I’m pleased to say we’re on track to meet these targets. In the year to March 2018, representation of women rose from 36% to 39%. We have also seen the percentage of our SLT who identify as BAME rise from 2% to 5% in the same period.
However, it would be wrong of me to claim we’ve ‘cracked’ diversity. Far from it. While we’re making good progress on our SLT targets, there is still more to do to ensure that we’re developing a diverse pipeline of talent who will lead the organisation in the future.
We’re doing a number of things – such as reverse mentoring of senior staff by BAME colleagues, sponsorship programmes, reaching out to recruit from a much wider pool of universities, expanding our apprenticeship programme and demanding more of our line managers, both when we recruit and in how they manage meetings day to day to ensure we hear the voices of all colleagues.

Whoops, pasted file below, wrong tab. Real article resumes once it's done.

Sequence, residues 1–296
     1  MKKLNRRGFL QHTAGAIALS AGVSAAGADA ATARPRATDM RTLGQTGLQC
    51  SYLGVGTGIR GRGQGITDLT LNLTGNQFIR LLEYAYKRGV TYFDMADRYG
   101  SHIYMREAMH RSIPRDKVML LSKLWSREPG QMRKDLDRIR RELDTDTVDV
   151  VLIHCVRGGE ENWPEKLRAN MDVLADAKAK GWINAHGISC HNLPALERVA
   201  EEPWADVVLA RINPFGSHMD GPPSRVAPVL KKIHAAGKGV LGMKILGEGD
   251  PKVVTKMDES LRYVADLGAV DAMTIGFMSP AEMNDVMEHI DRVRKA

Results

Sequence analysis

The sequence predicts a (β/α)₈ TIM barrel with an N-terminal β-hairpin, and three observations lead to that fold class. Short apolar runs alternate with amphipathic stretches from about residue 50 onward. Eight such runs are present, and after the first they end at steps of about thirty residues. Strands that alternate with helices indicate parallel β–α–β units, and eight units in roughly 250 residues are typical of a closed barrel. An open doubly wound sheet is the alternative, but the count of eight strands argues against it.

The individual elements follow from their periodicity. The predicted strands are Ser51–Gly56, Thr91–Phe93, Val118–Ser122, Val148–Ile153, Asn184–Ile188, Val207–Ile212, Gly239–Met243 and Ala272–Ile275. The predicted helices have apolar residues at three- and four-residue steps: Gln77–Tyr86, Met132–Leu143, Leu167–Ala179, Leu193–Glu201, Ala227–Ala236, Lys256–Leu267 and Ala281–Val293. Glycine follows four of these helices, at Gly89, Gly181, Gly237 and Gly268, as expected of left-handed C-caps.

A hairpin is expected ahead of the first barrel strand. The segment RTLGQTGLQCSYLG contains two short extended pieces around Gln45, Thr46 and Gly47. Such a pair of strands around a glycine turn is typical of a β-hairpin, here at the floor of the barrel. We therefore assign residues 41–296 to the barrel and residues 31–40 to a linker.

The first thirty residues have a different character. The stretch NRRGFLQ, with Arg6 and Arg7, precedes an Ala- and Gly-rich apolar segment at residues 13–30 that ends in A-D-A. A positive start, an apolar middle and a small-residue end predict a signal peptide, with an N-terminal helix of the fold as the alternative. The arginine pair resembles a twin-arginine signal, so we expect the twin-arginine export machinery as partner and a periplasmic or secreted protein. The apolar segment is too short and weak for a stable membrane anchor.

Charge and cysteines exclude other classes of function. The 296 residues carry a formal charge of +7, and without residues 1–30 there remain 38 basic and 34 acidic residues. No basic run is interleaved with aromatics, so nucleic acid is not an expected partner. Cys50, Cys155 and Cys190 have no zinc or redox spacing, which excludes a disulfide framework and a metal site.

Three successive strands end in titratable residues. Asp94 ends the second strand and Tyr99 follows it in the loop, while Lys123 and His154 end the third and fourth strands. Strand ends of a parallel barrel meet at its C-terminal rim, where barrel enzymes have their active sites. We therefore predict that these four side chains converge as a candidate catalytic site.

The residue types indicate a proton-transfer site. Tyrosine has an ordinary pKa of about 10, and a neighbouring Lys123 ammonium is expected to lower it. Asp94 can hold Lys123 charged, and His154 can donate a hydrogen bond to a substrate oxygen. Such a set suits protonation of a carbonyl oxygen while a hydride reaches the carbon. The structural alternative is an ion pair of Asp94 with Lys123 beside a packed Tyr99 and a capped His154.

And we don’t see diversity as two dimensional around simply gender and BAME.
One area I feel particularly strongly about in this regard is social mobility. I grew up on two council estates and lived in a tower block until I was 10. Now I’ve been very fortunate in my career, but I know many other bright kids who didn’t make the same journey. One of the questions for us is how we as an employer can find talent from many different sources, build and sustain it.
This year we came 37th in the Social Mobility Index, which recognises the organisations that are doing the most to ensure they are open to accessing and progressing talent from all backgrounds.